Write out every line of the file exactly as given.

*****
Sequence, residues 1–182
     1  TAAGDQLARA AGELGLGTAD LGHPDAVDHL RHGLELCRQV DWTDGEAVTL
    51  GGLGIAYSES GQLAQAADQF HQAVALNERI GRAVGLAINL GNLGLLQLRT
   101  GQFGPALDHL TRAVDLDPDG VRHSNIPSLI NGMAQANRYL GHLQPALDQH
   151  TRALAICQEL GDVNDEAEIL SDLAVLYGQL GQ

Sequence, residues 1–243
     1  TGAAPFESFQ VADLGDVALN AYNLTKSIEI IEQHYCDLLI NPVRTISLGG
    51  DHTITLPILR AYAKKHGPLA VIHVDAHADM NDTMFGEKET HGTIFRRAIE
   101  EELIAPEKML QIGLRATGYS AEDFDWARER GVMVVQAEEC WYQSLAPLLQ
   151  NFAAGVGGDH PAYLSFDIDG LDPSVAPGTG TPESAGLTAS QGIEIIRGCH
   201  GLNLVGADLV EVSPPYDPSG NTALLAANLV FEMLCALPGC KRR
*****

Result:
Sequence, residues 1–182
     1  TAAGDQLARA AGELGLGTAD LGHPDAVDHL RHGLELCRQV DWTDGEAVTL
    51  GGLGIAYSES GQLAQAADQF HQAVALNERI GRAVGLAINL GNLGLLQLRT
   101  GQFGPALDHL TRAVDLDPDG VRHSNIPSLI NGMAQANRYL GHLQPALDQH
   151  TRALAICQEL GDVNDEAEIL SDLAVLYGQL GQ

Sequence, residues 1–243
     1  TGAAPFESFQ VADLGDVALN AYNLTKSIEI IEQHYCDLLI NPVRTISLGG
    51  DHTITLPILR AYAKKHGPLA VIHVDAHADM NDTMFGEKET HGTIFRRAIE
   101  EELIAPEKML QIGLRATGYS AEDFDWARER GVMVVQAEEC WYQSLAPLLQ
   151  NFAAGVGGDH PAYLSFDIDG LDPSVAPGTG TPESAGLTAS QGIEIIRGCH
   201  GLNLVGADLV EVSPPYDPSG NTALLAANLV FEMLCALPGC KRR